Democrats, it's time to give up your obsession with Denmark
Are high taxes and huge public subsidies the key to utopia? Maybe not.
As Rocket Raccoon from Guardians of the Galaxy described himself, "Ain't no thing like me, except me." Same goes for America, an ethnically diverse, immigrant nation of 320 million with the largest, most technologically advanced economy on the planet. Ain't no country like the United States, except the United States. And certainly, as Hillary Clinton noted in this week's Democratic presidential debate, "we are not Denmark" — a nation the size of Maryland with the population of Atlanta, nearly 90 percent of Danish descent.
We are also not Norway or Sweden, likewise small, ethnically homogeneous nations. Yet many progressive Democrats, including Clinton's rival Bernie Sanders, argue America should model itself on Scandinavia and its egalitarian social democracies. "I think we should look to countries like Denmark, like Sweden and Norway, and learn from what they have accomplished for their working people," Sanders said during the debate, prompting Clinton's retort.
The main lesson to learn, progressives suggest, is that big government — really high taxes and a large, income-redistributing welfare state — can work fabulously. After all, Scandinavia is just about the happiest place on Earth, according to the World Happiness Report. (Darn you, top-ranking Switzerland and your tasty cheese and chocolate!) And the most recent World Economic Forum competitiveness rankings place all the Scandinavian economies in the top 12 globally.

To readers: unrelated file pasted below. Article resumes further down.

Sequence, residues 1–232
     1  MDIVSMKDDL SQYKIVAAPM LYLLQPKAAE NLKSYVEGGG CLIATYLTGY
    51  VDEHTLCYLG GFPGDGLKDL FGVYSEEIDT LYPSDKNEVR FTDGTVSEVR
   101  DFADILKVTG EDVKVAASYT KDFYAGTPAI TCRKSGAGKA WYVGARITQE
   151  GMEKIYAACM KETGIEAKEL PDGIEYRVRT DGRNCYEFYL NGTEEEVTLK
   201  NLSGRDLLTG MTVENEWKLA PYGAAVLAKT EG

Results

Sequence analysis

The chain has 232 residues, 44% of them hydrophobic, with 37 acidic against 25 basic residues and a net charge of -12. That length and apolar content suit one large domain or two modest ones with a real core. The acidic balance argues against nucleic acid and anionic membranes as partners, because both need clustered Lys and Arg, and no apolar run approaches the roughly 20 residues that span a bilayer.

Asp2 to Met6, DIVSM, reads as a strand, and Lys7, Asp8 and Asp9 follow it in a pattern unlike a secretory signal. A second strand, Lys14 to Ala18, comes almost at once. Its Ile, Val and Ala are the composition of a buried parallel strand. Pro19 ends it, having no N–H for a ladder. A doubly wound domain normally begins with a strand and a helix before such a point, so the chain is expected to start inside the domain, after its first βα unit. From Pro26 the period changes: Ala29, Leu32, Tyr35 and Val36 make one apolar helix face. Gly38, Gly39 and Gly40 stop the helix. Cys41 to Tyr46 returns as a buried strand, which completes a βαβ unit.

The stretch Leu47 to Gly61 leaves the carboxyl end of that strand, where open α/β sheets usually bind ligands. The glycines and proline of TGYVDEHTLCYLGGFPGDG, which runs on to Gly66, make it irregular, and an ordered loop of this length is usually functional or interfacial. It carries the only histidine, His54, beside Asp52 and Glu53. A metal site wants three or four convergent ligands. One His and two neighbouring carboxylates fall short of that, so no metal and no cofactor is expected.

So there you go: 60 percent top tax rates and generous family leave policies haven't created an Orwellian hellscape — it's the opposite, but, you know, with fjords. Economic growth and equality can be compatible. So feel the Bern, IKEAmerica!
It's a great story, no doubt. So great, in fact, that if northern Europe's progressive paradise didn't exist, American progressives would have to invent it. Without the Nordics, the left would be hard up for a big-government success story. Who would they point to? France, which is 29th in the happiness index just ahead of Argentina, and 22nd in the competitiveness rankings, down near Saudi Arabia?
But there's more to the Scandinavian story than progressives suggest. For starters, Scandinavians had pretty good lives even before the ginormous expansion of their welfare states. As Swedish researcher Nima Sanandaji notes in the paper, "Scandinavian Unexceptionalism," Norway had the highest life expectancy among advanced economies in 1960, with Sweden and Denmark right behind. And "most of the shift towards greater equality happened before the introduction of a large public sector and high taxes."
This suggests the particulars of Scandinavian culture have a big role to play in creating their happy, healthy societies. It's a thesis bolstered by the fact that the poverty rate among U.S. descendants of Nordic immigrants is half that of Americans overall. Can we really turn all of America into Minnesota?
What's more, even though Sanders may be reluctant to call himself any sort of capitalist, Scandinavians have become far more market-friendly over the past 20 years. Their economies all now have corporate tax rates lower than the United States. And they score highly in the conservative Heritage Foundation's Economic Freedom Index, especially when it come to government regulation. They're also free traders, unlike Sanders, who opposed the North American Free Trade Agreement in the 1990s and the Trans-Pacific Partnership today.
Look at it this way: If Denmark or Sweden were running for the Democratic presidential nod, they would have about as much chance of winning as Jim Webb. And "Big Oil" Norway? It would have no chance at all.